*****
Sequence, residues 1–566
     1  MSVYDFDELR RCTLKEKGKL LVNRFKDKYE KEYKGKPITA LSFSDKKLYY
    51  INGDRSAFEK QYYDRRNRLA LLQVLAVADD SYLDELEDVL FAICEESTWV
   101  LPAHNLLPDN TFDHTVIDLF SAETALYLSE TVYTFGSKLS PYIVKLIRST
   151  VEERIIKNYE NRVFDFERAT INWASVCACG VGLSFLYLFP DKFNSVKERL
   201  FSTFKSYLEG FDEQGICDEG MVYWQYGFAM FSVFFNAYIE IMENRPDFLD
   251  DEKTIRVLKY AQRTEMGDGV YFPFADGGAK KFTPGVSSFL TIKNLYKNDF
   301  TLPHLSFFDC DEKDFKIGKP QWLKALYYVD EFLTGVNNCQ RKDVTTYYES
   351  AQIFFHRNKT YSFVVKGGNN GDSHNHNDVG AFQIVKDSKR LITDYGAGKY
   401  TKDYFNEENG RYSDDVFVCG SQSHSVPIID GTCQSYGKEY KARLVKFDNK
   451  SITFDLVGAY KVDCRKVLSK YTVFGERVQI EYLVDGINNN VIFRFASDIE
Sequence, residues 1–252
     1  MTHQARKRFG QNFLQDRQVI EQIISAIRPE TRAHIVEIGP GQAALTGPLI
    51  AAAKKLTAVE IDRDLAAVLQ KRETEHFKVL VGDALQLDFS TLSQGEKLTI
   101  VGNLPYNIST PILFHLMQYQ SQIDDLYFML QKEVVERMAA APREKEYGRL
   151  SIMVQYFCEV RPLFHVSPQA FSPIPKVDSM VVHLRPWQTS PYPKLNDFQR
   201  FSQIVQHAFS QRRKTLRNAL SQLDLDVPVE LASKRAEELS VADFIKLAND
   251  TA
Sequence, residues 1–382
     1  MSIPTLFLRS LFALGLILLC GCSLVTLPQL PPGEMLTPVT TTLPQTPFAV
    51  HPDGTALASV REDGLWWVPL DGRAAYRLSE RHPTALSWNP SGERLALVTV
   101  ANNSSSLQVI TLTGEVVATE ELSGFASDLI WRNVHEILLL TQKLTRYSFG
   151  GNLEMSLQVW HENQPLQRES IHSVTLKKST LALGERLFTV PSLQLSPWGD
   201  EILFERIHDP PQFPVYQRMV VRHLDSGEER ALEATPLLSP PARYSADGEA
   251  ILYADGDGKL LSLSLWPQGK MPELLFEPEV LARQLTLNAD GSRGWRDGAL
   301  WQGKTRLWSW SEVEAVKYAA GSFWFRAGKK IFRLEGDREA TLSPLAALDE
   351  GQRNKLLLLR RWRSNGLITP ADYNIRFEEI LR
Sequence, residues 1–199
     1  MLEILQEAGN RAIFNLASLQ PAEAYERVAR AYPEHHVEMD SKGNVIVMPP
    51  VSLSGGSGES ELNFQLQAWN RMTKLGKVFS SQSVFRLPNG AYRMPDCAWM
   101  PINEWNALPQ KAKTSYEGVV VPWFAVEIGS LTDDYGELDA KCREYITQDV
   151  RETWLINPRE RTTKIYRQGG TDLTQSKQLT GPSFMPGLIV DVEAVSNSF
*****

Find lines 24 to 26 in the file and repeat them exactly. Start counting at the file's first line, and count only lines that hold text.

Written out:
   201  EILFERIHDP PQFPVYQRMV VRHLDSGEER ALEATPLLSP PARYSADGEA
   251  ILYADGDGKL LSLSLWPQGK MPELLFEPEV LARQLTLNAD GSRGWRDGAL
   301  WQGKTRLWSW SEVEAVKYAA GSFWFRAGKK IFRLEGDREA TLSPLAALDE